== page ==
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IUMSC   Indiana University Molecular Structure Center

X-Rays are electromagnetic waves of short wavelength and high energy. X-Rays are produced when high-energy photons strike a heavy metal target, like molybdenum, copper, or tungsten. X-ray_diffraction is an analytical technique that is used to determine the structure of crystalline materials.

X-rays are ionizing, hazardous radiation. Acute high exposure causes dose-related damage to all tissues and may lead to burns, necrosis (death of cells), or DNA damage resulting in cancer and dysfunctional proteins. X-rays are known to exert profound adverse effects on the developing embryo (leading to birth defects) and on reproductive function in men and women to name but a few. The consequences of long-term, low exposure to ionizing radiation such as X-rays are not well understood, however numerous medical investigations show their harmful effects.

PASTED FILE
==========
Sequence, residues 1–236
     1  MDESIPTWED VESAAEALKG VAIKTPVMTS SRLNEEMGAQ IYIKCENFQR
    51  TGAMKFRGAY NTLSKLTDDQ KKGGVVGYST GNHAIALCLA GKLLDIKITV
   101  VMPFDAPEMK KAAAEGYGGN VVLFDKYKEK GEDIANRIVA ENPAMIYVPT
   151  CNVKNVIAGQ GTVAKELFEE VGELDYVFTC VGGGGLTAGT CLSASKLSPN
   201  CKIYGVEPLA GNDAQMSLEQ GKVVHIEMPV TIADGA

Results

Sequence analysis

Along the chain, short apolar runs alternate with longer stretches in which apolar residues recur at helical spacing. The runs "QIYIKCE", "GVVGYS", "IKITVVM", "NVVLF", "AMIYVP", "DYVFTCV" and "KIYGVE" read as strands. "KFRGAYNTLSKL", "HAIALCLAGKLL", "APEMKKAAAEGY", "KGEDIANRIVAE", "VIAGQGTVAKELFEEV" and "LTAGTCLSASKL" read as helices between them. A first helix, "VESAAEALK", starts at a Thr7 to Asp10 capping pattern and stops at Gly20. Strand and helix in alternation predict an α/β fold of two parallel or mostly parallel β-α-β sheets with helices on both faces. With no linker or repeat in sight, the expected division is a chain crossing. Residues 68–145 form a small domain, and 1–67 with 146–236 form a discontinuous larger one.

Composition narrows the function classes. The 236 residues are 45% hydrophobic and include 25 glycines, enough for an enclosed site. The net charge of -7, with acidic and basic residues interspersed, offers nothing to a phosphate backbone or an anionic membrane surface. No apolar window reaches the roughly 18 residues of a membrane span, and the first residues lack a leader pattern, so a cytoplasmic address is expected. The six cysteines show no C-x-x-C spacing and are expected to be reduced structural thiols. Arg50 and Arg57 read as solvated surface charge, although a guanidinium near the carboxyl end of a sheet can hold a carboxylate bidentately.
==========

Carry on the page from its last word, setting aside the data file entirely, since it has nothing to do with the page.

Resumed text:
If basic safety procedures are followed when working around X-ray diffraction systems, the safety of the person operating the system is ensured. Therefore it is important to be familiar with the equipment and safety procedures.

All persons operating X-Ray diffraction equipment must complete safety training regarding to various radiation warnings and safety devices incorporated into the equipment. The use of dosimeters may be required.

See also the following resources:
IU Bloomington Radiation Saftey Guide for Users of Analytical X-Ray Systems IU Bloomingtoni Radiation Safety Training for Analytical X-Ray Users

Diffraction occurs as waves interact with a regular structure whose repeat distance is about the same as the wavelength. X-rays have wavelengths on the order of a few Angstroms, the same as typical interatomic distances in crystalline solids. Therefore, X-rays are diffracted from crystalline matter, which has regularly repeating atomic structures.
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Indiana University Molecular Structure Center. Chemistry, A421, Indiana University, 800 E, Kirkwood Ave., Bloomington, IN 47405-7102, 812.855.6821
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